IT TAKES A WITCH: A Wishcraft Mystery by Heather Blake didn’t work for me at all, but I guess that’s not surprising: I’m not particularly a cozy mystery fan and I’m not a fan of complicated magic systems. And this book is full of multiple magical paths, each with its own elaborate rules (it feels very much like D&D specialists or subclasses); the protagonist is a “wishcrafter” who can grant wishes but only if they meet a variety of rules (no killing people, the wish must be sincere, you can’t grant another mage’s wishes — and you can’t tell anyone you’re a witch or you lose your powers). The first couple of chapters are very info-dumpy and the protagonist’s attraction to a studly cop felt canned (I will discuss this more in a later post). That said, this has become a successful cozy series so obviously a lot of people who are not me like it.

Finally, if anyone wants to click over to Atomic Junkshop, I reviewed the Joker’s 1975 solo series, recently TPB-ed as JOKER: Clown Prince of Crime.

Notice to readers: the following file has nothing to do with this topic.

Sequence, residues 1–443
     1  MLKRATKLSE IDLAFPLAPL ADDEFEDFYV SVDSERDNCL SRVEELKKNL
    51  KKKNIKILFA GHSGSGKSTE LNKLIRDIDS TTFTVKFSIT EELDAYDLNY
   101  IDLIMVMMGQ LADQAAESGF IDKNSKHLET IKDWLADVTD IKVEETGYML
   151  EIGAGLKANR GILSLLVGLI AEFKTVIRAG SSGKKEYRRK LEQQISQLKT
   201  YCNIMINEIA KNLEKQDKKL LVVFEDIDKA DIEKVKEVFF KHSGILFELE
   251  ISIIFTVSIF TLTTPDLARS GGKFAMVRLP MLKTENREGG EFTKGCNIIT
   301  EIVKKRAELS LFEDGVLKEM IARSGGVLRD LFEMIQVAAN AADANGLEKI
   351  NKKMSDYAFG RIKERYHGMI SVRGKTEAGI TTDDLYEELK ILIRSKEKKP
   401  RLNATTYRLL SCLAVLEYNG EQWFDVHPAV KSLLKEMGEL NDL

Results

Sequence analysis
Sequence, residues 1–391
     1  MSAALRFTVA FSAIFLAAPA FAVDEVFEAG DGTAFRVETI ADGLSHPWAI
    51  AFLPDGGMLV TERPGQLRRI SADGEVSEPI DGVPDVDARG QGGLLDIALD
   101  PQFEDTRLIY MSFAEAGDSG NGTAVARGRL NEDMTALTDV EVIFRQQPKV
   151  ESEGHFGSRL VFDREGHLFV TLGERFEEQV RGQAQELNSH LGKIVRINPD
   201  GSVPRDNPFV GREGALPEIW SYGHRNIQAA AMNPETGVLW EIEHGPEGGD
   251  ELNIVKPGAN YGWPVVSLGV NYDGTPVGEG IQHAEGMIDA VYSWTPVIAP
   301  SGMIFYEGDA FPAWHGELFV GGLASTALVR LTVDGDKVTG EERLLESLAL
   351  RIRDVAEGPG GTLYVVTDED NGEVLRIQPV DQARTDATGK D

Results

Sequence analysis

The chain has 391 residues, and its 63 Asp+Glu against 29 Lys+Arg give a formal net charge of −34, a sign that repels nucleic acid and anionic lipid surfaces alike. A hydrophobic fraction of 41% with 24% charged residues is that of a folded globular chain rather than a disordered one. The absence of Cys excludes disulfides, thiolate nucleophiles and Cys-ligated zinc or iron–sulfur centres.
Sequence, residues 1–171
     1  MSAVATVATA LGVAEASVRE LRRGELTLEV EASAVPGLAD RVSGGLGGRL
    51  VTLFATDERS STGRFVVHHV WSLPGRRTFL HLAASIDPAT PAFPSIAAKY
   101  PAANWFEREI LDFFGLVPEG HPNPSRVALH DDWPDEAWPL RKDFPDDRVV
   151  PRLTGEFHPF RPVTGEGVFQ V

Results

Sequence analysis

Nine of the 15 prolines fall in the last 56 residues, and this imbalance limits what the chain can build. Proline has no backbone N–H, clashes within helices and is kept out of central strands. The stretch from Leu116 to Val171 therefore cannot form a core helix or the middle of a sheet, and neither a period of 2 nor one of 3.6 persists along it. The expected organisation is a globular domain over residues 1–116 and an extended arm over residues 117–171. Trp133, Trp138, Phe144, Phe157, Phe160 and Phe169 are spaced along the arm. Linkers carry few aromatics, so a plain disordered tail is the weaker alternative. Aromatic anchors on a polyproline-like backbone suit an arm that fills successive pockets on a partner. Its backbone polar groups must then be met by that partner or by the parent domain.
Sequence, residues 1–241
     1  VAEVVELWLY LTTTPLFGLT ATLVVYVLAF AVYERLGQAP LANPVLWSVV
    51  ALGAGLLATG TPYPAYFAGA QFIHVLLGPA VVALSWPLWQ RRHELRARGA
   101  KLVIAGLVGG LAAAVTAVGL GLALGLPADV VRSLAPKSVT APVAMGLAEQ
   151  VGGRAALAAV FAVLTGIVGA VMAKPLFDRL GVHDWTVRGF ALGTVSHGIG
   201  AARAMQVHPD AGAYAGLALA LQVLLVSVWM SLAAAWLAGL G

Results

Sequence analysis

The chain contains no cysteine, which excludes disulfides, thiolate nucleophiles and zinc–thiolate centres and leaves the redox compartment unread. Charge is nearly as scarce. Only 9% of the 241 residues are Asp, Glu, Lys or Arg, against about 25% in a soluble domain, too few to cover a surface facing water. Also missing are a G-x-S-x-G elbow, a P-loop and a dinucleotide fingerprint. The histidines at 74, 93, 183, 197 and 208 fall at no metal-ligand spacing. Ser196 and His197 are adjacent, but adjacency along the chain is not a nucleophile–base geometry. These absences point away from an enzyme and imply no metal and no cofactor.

#SFWApro. Top cover by Erik Larsen, bottom by Dick Giordano.

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This was a chaotic week

So I’ll mark it with these images from Michael Moorcock’s Swords trilogy with its themes of Order vs. Chaos. Details of the personal chaos in this afternoon’s post.

Bob Haberfield did the art. I found these on a visit to England in my tweens and was instantly captivated by the weirdly alien imagery. I still am (if I didn’t have so much to read, I’d whip them out right now).

#SFWApro. All rights to cover images remains with current holders.

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Before And After

We took the pups to Petropolitan for grooming this week.

Here’s Trixie before—

And Trixie after getting her spring/summer cut

Here’s Plushie, before

And the Plush one afterwards

Had we known when we booked (well in advance) that temperatures would drop back below freezing this week, we might have held off. Then again, Plushie had so much matted hair, with one mat inside his ear, it’s probably just as well.

#SFWApro. Images are mine, not for commercial use, please credit if you use.

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A not so productive week

First, for various reasons, I wasn’t working the whole week. And when I did work, it was another case of being nibbled to death. Enough distractions, spaced the right amount apart, that I couldn’t focus very much.